Collaborators from more than 30 scientific organisations around the world, including the Centre for Ecology & Hydrology, have agreed on a common standard for integrating biological data sets.
The data-sharing effort, led by researchers at the University of Oxford and the Harvard Stem Cell Institute at Harvard University, will make possible the consistent description of enormous and radically different databases compiled in the biosciences in fields ranging from genetics to stem cell science, to environmental studies.
The new standard provides a way for scientists in widely disparate fields to coordinate each other’s findings by allowing behind-the-scenes combination of the mountains of data produced by modern, technology-driven science.
This standard-compliant data sharing effort and the establishment of its online presence, the ISA Commons, is described in a commentary signed by all the collaborators published this week in the journal Nature Genetics.
It was necessary to establish common data standards, say the commentary’s authors, because of the tsunami of data and technologies washing over the sciences. “There are hundreds of new technologies coming along but also many ways to describe the information produced.” said Dr Susanna-Assunta Sansone, Team Leader of the project at the University of Oxford’s Oxford e-Research Centre. She added, "We can take a jigsaw puzzle of different sciences and now fit the many pieces together to form a complete picture."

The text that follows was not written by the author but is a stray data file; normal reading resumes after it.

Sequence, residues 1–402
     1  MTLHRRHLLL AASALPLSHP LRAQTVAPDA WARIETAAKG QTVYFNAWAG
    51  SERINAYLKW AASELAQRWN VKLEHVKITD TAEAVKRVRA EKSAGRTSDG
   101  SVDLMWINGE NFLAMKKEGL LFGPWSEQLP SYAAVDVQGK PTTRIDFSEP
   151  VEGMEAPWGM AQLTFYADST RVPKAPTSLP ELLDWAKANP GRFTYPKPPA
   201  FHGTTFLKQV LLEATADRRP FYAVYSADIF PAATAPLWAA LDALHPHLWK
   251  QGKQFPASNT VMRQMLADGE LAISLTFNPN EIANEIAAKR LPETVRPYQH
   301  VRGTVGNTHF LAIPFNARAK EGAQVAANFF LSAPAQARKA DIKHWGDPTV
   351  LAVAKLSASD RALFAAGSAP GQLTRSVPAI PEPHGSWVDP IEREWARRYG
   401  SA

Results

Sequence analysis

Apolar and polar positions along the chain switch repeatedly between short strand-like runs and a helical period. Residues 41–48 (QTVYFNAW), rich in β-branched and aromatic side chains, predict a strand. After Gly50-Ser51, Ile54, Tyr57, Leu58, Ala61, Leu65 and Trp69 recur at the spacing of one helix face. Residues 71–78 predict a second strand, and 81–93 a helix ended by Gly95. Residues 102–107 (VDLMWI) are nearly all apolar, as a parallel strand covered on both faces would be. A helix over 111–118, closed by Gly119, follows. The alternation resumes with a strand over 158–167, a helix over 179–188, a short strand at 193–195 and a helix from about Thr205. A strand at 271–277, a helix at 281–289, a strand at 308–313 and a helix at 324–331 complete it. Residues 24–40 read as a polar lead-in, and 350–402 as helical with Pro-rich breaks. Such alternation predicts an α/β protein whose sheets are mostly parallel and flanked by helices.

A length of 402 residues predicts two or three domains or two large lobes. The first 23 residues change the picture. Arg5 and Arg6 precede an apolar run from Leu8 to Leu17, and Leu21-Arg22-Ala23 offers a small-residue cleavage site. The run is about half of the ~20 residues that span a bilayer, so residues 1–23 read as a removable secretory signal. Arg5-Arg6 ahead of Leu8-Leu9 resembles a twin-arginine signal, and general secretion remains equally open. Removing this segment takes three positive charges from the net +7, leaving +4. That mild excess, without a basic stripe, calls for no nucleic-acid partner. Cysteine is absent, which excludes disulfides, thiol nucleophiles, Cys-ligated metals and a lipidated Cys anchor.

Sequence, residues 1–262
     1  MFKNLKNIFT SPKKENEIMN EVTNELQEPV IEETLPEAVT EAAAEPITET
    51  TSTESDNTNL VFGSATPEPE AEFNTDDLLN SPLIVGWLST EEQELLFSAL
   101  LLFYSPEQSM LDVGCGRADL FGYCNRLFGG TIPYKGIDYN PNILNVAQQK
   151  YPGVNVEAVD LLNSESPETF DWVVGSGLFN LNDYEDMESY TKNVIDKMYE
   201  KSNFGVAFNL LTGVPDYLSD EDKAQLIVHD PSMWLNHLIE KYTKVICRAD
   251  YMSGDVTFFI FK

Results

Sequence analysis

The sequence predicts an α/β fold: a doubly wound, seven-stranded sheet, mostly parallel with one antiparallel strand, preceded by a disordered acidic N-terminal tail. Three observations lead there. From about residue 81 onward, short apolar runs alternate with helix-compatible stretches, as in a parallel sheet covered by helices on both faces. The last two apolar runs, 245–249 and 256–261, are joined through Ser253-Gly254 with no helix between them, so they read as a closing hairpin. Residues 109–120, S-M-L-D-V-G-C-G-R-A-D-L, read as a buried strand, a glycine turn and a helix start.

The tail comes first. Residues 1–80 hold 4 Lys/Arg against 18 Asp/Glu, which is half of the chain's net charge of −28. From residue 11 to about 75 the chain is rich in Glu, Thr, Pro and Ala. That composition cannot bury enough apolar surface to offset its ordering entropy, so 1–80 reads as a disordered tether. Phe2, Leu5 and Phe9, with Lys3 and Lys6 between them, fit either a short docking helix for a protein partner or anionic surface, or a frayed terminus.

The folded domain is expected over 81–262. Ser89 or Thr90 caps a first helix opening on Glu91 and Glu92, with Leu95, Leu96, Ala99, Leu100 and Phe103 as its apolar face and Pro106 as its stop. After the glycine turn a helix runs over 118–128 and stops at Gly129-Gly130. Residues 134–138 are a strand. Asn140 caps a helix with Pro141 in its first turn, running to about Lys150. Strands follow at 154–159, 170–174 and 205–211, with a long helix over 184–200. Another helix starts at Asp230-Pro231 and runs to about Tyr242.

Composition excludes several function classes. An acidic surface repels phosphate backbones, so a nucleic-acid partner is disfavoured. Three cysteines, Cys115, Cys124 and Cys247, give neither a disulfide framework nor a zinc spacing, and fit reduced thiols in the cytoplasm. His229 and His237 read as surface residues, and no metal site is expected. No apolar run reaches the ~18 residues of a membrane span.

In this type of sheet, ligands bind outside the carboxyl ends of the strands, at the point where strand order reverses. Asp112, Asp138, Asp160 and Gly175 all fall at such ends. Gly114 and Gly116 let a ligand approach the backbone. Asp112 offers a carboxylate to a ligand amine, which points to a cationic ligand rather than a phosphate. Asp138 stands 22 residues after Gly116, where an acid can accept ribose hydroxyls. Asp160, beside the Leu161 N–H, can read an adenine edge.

Professor Dawn Field, Head of the Molecular Evolution and Bioinformatics group at CEH and Director of the NERC Environmental Bioinformatics Centre (NEBC) and the NERC Biomolecular Analysis Facility bioinformatics node, was one of the commentary's three CEH co-authors. She said, "The ISA system is the ideal solution for managing experimental metadata from diverse groups and is now a core solution at the NERC Environmental Bioinformatics Centre. We look forward in the future to being able to exchange data with other ISA-compliant project."